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Japan: Lost and Found – Episode 10: Studio Magic

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I still haven’t had a chance to see Hayao Miyazaki’s new film How Do You Live? 

[Ahem.] I mean, “The Boy and the Heron,” to use its not-so-faithfully translated English title.

But I’m hearing great things, and I’m excited to eventually see it.

People unfamiliar with Hayao Miyazaki and the Studio Ghibli team might wonder why people wax so rhapsodic about some random anime films.

Isn’t it just entertainment for kids and teens?

It usually is.

Anime is ubiquitous around Japan, but it is typically regarded as disposable entertainment, mostly for kids. Yet Studio Ghibli films are quite different. 

Hayao Miyazaki is revered by people of all ages.

He’s not simply the Walt Disney of Japan, although that comparison has some merit. He’s also the Steven Spielberg. And the Lewis Carroll. 

He created a successful media empire like Disney, and he makes ultra-popular family films like Spielberg, but he is most praised as a storyteller, one who can stir the imaginations of audiences of any age.

A few exceptions aside, I love all of the films of Studio Ghibli. Here are some of my favorites:


Spirited Away

If you only watch one Studio Ghibli film in your life, make it Spirited Away. 

Its broad structure is a coming of age fairy tale, but with many unique twists.

A listless young girl finds herself trapped inside of a bath house for the gods, her parents transformed into pigs.

If she doesn’t learn to adapt, her parents will be eaten, and she will disappear into nothing.

Despite the challenges she faces, the young girl finds her inner strength, learns the rules behind the chaos, and comes to thrive in these strange new surroundings.

But the story is not simply an old codger’s wish that “kids these days” would grow up. Miyazaki saves most of his critiques for the adult world. The bath house is filled with adults and their responsibilities.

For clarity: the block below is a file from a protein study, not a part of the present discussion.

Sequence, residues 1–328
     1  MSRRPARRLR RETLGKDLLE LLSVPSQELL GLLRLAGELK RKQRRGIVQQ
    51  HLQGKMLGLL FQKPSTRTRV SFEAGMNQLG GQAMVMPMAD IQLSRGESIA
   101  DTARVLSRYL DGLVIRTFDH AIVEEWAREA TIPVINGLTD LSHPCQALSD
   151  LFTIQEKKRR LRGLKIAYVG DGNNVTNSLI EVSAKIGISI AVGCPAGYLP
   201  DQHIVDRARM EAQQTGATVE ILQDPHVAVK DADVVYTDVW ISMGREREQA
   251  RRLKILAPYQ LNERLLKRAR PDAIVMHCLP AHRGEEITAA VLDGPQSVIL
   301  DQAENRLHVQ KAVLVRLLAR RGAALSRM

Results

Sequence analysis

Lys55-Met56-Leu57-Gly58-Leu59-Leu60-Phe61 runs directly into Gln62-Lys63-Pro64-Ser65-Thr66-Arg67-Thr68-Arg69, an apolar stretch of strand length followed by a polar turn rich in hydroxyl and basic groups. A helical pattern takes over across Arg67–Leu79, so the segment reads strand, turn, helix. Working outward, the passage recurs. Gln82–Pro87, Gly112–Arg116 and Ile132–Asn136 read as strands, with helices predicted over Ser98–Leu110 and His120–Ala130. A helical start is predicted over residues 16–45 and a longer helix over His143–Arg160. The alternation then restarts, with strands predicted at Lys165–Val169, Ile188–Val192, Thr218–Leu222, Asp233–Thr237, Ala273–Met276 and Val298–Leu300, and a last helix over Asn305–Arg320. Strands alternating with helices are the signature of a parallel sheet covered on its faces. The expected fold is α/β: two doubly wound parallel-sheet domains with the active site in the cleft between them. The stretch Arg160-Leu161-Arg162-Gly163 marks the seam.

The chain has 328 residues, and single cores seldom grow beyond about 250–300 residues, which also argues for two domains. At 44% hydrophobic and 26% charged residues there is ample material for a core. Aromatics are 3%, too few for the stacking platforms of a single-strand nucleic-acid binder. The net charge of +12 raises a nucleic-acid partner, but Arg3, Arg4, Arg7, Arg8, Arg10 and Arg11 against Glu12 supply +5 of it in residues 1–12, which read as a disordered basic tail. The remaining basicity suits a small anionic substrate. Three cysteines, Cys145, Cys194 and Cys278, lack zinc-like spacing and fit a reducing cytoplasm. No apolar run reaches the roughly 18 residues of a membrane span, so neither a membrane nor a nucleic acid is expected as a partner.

But they’re consumed by petty gossip, infighting, easy distraction, narrow self-interest, and outright greed.

It’s the girl’s job, as the hero of the story, to rise above that fray, and to bring out the best in those around her.

I mentioned Lewis Carroll earlier, and there is a clear debt to the Alice books in Spirited Away, both in its narrative structure and in some character designs. But there’s a much stronger moral core to Spirited Away, and a resolutely Shinto way of looking at modern life. It’s one of my favorite films ever.


Grave of the Fireflies

Grave of the Fireflies is harder to see these days, unless you’ve got a DVD player. But this wartime period piece is more than worth the effort. 

Even if you get your hands on it, you’ll find it can be hard to watch.

I won’t say too much about its plot, except that it follows two young children as they navigate the streets of Tokyo during the WWII fire bombings. 

Written and directed by Isao Takahata, the other genius of Studio Ghibli, this film is a haunting rumination on the human cost of war.

I will never see a tin of fruit drop candy the same again.


My Neighbor Totoro

This was originally released together with Grave of the Fireflies for a really incongruous double feature. Whereas Grave is…rather grave…My Neighbor Totoro is a feel-good family film jam-packed with wonder and whimsy. 

Two young girls move with their dad to a new house in the countryside. Their mother is in the hospital, for reasons undisclosed.